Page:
Grobe, Wake Forest eye another turnaround
This all happened so quickly.
It feels like just last week that Jim Grobe was “Coach Genius,” the target of every major program looking to rebuild.
He had pulled off the unthinkable, becoming a regular football version of Gene Hackman in Hoosiers. Grobe was the guy who figured out how to win big at little Wake Forest.
A blink or two later, though, Grobe’s table at a preseason gathering attracted perhaps eight reporters. Other ACC coaches at tables nearby drew five times that.
The worst part, though, was Grobe having to answer those questions again.
Is it fair that you were picked to finish last (nearly unanimously, by the way) in the Atlantic Division?
“That’s where we belong,” Grobe said. “After last year, being 3-9 and playing as many freshmen as we played … I don’t have a problem with that.
… “This is probably where we should start the season, but I’m hopeful this is not where we end up.”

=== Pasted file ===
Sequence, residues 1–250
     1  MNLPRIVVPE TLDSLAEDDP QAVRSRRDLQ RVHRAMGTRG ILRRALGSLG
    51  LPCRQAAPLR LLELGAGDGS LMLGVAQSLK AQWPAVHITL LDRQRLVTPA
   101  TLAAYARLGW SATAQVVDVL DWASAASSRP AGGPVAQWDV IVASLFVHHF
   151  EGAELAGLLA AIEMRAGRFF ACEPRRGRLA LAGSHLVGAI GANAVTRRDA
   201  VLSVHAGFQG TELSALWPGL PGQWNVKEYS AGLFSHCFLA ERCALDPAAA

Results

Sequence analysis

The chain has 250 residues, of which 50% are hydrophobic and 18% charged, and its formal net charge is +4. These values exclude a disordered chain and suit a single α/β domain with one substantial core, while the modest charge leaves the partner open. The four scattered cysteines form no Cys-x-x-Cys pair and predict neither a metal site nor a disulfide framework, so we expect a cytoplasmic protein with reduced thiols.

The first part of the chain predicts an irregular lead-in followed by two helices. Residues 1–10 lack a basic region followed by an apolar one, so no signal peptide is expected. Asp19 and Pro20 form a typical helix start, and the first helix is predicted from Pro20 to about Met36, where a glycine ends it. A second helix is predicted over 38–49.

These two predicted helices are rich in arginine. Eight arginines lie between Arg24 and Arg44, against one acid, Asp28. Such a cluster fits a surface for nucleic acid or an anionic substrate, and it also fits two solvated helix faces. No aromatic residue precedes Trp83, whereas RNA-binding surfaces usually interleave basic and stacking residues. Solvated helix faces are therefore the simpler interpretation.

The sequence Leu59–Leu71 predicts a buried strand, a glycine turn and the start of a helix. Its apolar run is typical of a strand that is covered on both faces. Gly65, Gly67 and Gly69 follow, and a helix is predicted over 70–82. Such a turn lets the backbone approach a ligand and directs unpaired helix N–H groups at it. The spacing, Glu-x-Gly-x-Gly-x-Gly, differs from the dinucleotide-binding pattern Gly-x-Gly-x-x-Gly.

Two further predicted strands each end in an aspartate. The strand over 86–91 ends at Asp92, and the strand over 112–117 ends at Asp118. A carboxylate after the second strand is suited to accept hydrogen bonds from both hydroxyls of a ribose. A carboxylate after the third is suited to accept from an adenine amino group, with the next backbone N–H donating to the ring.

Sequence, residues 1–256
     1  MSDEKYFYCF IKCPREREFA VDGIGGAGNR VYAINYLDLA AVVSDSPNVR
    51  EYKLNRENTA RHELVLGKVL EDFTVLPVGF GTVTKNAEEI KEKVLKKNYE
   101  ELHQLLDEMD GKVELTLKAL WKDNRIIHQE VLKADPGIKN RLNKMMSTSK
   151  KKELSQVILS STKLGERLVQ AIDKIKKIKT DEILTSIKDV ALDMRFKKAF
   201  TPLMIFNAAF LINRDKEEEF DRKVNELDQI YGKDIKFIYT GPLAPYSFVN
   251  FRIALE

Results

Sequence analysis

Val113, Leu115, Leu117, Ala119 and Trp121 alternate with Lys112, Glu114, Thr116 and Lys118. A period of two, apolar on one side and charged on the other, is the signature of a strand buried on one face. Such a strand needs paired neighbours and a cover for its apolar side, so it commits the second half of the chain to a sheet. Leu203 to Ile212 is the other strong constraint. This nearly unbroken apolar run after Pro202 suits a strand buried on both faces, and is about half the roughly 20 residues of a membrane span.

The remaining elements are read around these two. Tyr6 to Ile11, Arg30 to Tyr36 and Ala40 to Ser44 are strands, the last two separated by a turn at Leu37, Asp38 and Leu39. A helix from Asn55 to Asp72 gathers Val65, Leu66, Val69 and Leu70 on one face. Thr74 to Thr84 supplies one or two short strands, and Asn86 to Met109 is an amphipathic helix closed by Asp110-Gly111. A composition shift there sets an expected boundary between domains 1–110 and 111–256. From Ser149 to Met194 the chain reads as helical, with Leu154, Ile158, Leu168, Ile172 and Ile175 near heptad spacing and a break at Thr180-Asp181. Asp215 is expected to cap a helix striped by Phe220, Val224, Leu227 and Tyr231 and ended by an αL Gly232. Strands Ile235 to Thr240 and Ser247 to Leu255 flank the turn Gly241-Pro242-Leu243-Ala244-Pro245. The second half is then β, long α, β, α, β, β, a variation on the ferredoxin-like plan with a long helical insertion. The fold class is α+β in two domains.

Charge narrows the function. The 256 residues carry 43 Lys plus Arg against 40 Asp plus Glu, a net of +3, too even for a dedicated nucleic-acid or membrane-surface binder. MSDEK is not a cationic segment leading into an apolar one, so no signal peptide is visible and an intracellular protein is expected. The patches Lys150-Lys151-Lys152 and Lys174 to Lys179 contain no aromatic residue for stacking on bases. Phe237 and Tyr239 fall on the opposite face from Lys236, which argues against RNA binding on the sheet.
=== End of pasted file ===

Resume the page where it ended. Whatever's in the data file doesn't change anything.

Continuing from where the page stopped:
But how exactly did Grobe end up here again? That seemed so unlikely four years ago, when he was the toast of college football. Perhaps the answers can be found in the past. Wake Forest simply has not been able to handle even rare moderate success. Ever.
ACC football began in 1953, and Wake was really bad. It wasn’t until the seventh season that the Demon Deacons finally finished in the upper half of the ACC standings; even then, it was a 4-3 mark and a tie for fourth place.
That fourth-place tie in 1959 stood as the program’s highlight until 1970, with the entire decade of the 1960s producing a 27-72-1 record.
The 1970 season brought the school its first ACC football title – but at 6-5 overall, the Deacons hardly drew a glance nationally. They went 1-4 outside their league, including beatdowns at the hands of Nebraska, Tennessee and Houston.
But, hey, it was progress.
Until, of course, 1971. Back to a losing league record. In 1972, back to being absolutely abysmal. And for more than three decades, that was the norm in Winston-Salem, with an occasional mediocre season being reason to celebrate.